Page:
Surgery is the only treatment that a colorectal surgeon can offer for the
definite cure of colon and rectum cancer. Other treatment modalities such as chemotherapy and radiation therapy may
be used as additional treatment in reducing the risk of recurrence but do not consistently offer a cure.
The principle behind surgery for colon and rectum cancer is to remove the segment of colon or rectum with the cancer together with the adjacent area containing the lymph nodes where the cancer would initially spread. After the segment of the colon or rectum with the cancer is removed, the intestines are joined back to restore continuity so that the patient can continue to pass motion in the normal manner.
In cases where the tumour is very close to or invading the anus, the anus would have to be removed to ensure that the cancer is completely excised.
In certain cases of rectal cancer, the colorectal surgeon may also decide to pull out a temporary stoma. This is because the joint (anastomosis) for the colon to anus has a higher rate of non-healing. Having the temporary stoma acts to divert stools away from the anastomosis so that even if it does not heal properly, there would not be any leakage of stools into the abdominal cavity and cause major complication and infection. In these cases of temporary stoma, the stoma will be closed about 6 weeks to 3 months later.
For many years, there has been only one way to approach and remove the colon. This is the standard open surgery where a
long incision is made through the centre of the abdomen. This incision can vary from 10 to 30cm long. This was the
preferred way because this gives the best access to all the areas of the colon.
However, the incision for open surgery cuts through the entire muscle in the centre. This can give rise to more pain and would need stronger and more pain killers. Recovery after discharge is also slower. An alternative technique would be to make a small incision over the site of the tumour and perform the surgery from that location. This is only done when the exact location of the tumour is known.
This method has been used for colon resection since 1990s. There were some initial concerns about higher risk of recurrence of cancer so it did not take off in initially. However, numerous large international trials proved that there is no evidence of increased recurrence. It is now the preferred method of surgery for colon and rectum resection.
Laparoscopic surgery is technically more challenging than the standard open surgery. Three to five small incisions of 5 to 10mm each are made around the abdomen. A camera and fine instruments are then inserted through these small incisions and the surgery is performed. However, the nature of colon cancer resection is such that a small 4 to 6 cm incision is still required for the colon and the tumour to be removed.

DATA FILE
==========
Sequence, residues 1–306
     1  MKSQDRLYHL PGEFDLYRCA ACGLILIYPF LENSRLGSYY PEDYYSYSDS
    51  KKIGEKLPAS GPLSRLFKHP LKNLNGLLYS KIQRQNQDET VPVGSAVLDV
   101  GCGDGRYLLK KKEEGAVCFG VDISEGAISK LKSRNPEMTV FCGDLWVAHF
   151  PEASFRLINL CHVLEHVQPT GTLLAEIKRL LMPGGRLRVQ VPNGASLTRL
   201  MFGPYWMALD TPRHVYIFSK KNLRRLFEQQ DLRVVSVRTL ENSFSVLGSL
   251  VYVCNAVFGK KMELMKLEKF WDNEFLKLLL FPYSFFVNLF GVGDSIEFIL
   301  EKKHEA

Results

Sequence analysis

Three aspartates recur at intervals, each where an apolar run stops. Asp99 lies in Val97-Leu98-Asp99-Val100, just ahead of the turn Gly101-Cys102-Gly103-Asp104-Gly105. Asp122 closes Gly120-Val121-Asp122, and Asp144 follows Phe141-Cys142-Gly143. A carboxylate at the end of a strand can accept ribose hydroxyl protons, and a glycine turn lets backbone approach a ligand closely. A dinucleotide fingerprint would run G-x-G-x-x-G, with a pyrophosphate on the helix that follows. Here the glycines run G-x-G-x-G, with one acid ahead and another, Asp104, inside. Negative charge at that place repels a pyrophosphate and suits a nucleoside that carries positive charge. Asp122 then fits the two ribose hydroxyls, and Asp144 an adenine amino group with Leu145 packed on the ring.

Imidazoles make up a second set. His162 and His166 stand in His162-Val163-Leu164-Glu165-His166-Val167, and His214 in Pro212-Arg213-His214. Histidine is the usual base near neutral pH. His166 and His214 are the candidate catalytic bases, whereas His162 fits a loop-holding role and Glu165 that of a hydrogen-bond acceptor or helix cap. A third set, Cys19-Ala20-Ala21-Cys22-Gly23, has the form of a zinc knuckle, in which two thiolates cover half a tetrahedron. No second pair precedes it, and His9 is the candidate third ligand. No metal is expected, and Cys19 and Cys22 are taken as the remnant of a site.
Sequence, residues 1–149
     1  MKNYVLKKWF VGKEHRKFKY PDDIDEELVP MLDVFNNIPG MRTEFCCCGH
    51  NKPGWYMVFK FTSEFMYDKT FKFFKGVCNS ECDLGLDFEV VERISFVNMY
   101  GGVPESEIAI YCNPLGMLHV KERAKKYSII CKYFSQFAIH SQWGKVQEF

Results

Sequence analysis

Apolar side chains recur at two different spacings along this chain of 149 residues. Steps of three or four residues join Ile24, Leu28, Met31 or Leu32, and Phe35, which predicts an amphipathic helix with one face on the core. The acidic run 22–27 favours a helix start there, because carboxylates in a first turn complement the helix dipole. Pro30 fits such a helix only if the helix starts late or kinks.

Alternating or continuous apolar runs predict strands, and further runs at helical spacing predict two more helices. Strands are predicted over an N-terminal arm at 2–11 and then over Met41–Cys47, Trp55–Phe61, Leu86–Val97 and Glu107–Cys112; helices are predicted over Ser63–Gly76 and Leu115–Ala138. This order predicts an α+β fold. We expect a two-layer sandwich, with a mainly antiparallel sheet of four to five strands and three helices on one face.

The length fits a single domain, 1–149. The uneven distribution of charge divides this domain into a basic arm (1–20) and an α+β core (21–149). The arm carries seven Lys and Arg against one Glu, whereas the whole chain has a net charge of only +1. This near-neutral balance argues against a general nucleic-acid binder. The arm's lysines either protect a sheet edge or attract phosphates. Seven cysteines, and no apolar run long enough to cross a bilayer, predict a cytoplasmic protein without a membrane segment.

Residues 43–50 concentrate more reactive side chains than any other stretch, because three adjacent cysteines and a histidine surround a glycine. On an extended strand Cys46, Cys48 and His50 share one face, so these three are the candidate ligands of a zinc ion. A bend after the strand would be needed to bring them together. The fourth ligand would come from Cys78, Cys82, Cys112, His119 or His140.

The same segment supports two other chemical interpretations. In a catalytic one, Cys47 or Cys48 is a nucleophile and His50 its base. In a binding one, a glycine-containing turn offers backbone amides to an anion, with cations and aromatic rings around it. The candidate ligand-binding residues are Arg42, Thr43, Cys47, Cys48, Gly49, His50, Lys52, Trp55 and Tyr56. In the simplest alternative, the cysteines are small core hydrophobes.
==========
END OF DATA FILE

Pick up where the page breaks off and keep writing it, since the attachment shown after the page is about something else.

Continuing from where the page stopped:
Single Incision Port Surgery
This is one of the latest advancements in laparoscopic surgery in the last few years. A single incision of 2-5 cm is made at the umbilicus. Two instruments and a camera are inserted through this single “port” and the surgery is performed using the instruments. The colon and tumour are eventually removed through the incision.
This is the most advanced form of minimally invasive surgery available. It is similar to laparoscopic surgery in the sense that small incisions of 5-10mm is made to insert instruments. However, the robotic camera system offers a 3-dimensional view and greater magnification to the surgeon. This gives the surgeon a clearer view as well as perception of depth which is missing in other forms of laparoscopic surgery.
The robotic instruments used are also more advanced, giving the surgeon movements similar to the wrist movements. The manipulation of the tissue is akin to using your wrist, finger and thumb, unlike standard laparoscopic surgery in which the instruments is more like using chopsticks. This advantage is especially more obvious in surgery for cancer of the rectum situated deep in the pelvis.
Chemotherapy is used as an adjuvant therapy. This means that it is used in support of surgery which is the main modality
Chemotherapy is usually recommended for stage 3 and stage 4 cancers.
Radiation therapy is also an adjuvant therapy.
It is usually used for rectal cancers that are more locally advanced. It is usually not required for colon cancer.
Under certain special circumstances, your doctor may recommend chemotherapy and/or radiation therapy before surgery.